In the wake of the normalization of relations between Israel and the United Arab Emirates, there are rumors that several other states could be next to sign an agreement with Israel. While there are hurdles to normalizing relations with some states in the Middle East, there are others who view the UAE decision as a trial balloon and will react positively based on how the next weeks and months play out between Jerusalem and Abu Dhabi.
What follows is a list of some countries that reports suggest may be in line to normalize relations.
Bahrain was long thought to be the first country in the Gulf that might normalize relations with Israel. The small kingdom has often made relatively positive comments about Israel over the years and appeared open to the Trump administration's "Deal of the Century" by hosting discussions about the economic aspects of it. Bahrain has welcomed the UAE deal with Israel, and initial reports indicated it was working on normalizing relations after the UAE. Last December, media reports in the Gulf noted that Bahrain was reaching out to Israel.
In May, Bahrain shut down a symposium aimed at supporting a boycott of Israel. Last year, Jerusalem Chief Rabbi Shlomo Amar visited Bahrain and met King Hamad bin Isa al-Khalifa in Manama, the capital. Also last year, Bahraini Foreign Minister Khalid bin Ahmed al-Khalifa supported Israel's right to defend itself against Iran's threats. "Iran is the one who declared war on us," he said. The Kingdom made similar statements in 2018.
Bahrainis participated in a bike race in Israel in 2018. Israel Katz, foreign minister at the time, met his counterpart, Khalifa, in Washington in 2019. Bahrain has a small Jewish community and has reached out to the Simon Wiesenthal Center in California.
Bahrain's hurdles not only include Iran's threats to try and stir up protests among the Shi'ite community in the country, but also that the country faced protests in the 2011 Arab Spring. As such, it appeared wiser for it to let the UAE to move first regarding relations with Israel.
In October 2018, Prime Minister Benjamin Netanyahu made a trip to Oman and met with Sultan Qaboos bin Said. Oman's minister responsible for foreign affairs, Yusuf bin Alawi, made positive comments about accepting Israel in the region during subsequent discussions in Manama. In April, the Omanis made similar comments in Jordan at a conference, saying it was important to assure Israel that it was not being threatened. While Jordan slammed the comments, Oman continued to push forward with relatively positive views on Israel.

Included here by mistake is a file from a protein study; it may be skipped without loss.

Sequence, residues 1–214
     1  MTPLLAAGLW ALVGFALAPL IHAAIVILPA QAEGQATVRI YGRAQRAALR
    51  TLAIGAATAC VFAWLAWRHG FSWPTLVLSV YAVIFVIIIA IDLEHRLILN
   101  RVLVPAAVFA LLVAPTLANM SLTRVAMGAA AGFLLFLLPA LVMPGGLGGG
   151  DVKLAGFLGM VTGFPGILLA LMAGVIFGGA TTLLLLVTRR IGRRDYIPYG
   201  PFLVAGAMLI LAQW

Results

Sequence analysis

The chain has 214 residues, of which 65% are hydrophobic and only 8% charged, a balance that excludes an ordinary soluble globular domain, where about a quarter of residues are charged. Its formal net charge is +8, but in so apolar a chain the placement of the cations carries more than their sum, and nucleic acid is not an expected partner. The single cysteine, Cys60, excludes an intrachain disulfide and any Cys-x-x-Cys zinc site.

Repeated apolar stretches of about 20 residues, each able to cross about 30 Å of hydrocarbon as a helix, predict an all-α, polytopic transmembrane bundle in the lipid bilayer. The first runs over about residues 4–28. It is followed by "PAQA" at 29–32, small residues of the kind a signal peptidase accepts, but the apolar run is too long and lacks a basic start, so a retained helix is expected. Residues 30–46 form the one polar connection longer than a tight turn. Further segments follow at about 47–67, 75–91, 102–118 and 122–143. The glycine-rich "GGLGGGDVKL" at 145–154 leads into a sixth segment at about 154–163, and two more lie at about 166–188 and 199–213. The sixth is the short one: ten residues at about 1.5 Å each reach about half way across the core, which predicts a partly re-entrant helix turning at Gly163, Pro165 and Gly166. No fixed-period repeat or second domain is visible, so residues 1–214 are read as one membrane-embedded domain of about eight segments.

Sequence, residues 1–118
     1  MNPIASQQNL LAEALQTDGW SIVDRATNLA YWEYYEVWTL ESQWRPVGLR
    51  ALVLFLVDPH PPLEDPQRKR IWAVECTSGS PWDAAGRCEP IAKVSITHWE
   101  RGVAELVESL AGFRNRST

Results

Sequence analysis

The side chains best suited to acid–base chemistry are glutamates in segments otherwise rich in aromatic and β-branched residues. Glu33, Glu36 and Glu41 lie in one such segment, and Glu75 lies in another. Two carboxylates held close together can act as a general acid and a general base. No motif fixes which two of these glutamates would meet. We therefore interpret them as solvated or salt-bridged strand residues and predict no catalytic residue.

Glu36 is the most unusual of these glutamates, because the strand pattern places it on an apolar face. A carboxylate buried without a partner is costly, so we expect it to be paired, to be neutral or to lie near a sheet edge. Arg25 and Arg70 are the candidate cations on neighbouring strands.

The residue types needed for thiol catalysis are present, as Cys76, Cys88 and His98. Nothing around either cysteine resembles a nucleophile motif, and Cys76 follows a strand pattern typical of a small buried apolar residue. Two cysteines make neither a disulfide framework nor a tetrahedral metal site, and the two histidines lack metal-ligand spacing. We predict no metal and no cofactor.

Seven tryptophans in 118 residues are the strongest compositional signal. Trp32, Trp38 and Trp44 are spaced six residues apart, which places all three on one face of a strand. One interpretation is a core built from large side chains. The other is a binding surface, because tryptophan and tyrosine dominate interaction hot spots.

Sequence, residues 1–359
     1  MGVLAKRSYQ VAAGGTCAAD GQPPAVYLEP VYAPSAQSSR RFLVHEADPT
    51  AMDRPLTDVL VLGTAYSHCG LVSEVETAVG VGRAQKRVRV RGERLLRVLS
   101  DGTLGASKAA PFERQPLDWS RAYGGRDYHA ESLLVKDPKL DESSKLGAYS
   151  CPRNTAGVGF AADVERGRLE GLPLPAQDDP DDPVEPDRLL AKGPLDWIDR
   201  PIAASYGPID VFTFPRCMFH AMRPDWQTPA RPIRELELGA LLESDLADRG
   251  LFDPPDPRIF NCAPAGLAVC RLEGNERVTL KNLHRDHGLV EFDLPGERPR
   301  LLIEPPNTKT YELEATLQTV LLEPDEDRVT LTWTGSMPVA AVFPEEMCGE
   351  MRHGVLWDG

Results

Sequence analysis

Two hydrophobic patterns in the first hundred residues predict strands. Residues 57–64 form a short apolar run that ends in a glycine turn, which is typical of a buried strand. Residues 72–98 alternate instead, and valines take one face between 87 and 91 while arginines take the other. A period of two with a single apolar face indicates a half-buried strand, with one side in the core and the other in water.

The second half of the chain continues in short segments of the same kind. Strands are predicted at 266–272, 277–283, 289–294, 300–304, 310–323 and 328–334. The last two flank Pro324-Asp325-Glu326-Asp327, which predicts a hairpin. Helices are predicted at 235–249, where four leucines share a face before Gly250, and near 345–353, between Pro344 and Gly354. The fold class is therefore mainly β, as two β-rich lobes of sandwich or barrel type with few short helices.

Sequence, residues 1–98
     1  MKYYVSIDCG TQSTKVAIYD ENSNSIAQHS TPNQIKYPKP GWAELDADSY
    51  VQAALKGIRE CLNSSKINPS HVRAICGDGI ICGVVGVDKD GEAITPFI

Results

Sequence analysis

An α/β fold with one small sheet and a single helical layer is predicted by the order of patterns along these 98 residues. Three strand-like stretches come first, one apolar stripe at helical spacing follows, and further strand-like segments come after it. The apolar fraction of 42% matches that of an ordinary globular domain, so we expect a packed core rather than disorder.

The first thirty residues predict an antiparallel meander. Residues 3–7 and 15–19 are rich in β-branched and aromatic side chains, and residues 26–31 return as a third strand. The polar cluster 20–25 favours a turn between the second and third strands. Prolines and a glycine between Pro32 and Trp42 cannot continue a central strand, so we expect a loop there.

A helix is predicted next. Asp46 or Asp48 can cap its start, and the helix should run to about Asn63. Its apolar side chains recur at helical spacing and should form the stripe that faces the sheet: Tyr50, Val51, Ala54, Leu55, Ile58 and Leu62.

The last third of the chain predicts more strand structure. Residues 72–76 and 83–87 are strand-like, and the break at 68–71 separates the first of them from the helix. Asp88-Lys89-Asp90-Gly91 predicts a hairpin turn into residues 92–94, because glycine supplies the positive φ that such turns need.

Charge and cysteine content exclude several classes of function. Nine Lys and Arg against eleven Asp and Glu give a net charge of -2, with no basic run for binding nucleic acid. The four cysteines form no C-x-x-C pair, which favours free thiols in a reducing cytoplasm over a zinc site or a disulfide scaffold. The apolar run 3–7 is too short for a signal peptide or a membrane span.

Oman, like other Gulf states, had actually been open to discussions with Israel in the 1990s. Prime minister Shimon Peres visited Oman in 1996. Much of this honeymoon period was changed by the Second Intifada, when Israel saw a reduction in trade offices in the Gulf. Oman, like Qatar, once had an Israeli trade office. It was closed in October 2000.
Nevertheless, in the wake of Netanyahu's 2018 visit, there was increased talk of more ministerial visits across the Gulf. Oman, however, also hosts visits by top Iranian delegations and attempts to be neutral in other Gulf disputes, such as with Iran and the Qatar dispute.
Morocco is reported to be one of the states on the short list of opening relations with Israel in the near term. There is a Jewish community in Morocco, and the country has made some gestures in recent years that show warming, people-to-people relations despite diplomatic ties being stagnated.
Israelis were brought back to Israel from the country in May during the coronavirus crisis. Cultural events in Morocco have shown more tolerance for Jews and Israel in recent years, despite pro-Palestinian activists being against them. Washington Post columnist David Ignatius wrote over the weekend that Morocco, Oman and Bahrain were the next countries that could normalize ties.
Morocco has been supportive of the Trump administration's efforts on peace issues. In February, there were even rumors at Axios about Israel and the US recognizing Morocco's sovereignty over the West Sahara.
Israel-Morocco ties go back to the 1960s. King Hassan II played a key role in these warming relations, including working with Egypt's Anwar Sadat before his historic 1977 visit. Peres visited Morocco in 1986, and prime minister Yitzhak Rabin and foreign minister Peres met Hassan II in 1993.
The Intifada in 2000 harmed relations, and they have been slow to return. Nevertheless, since 2003, there have been positive gestures, including the visit by foreign minister Silvan Shalom that year.